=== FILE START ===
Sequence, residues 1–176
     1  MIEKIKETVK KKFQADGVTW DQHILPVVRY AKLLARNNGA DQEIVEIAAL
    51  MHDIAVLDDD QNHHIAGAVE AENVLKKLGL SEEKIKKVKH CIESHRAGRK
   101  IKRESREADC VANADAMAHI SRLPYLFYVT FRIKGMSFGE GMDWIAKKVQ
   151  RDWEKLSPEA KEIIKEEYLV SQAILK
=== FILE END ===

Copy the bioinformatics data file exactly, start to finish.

Sequence, residues 1–176
     1  MIEKIKETVK KKFQADGVTW DQHILPVVRY AKLLARNNGA DQEIVEIAAL
    51  MHDIAVLDDD QNHHIAGAVE AENVLKKLGL SEEKIKKVKH CIESHRAGRK
   101  IKRESREADC VANADAMAHI SRLPYLFYVT FRIKGMSFGE GMDWIAKKVQ
   151  RDWEKLSPEA KEIIKEEYLV SQAILK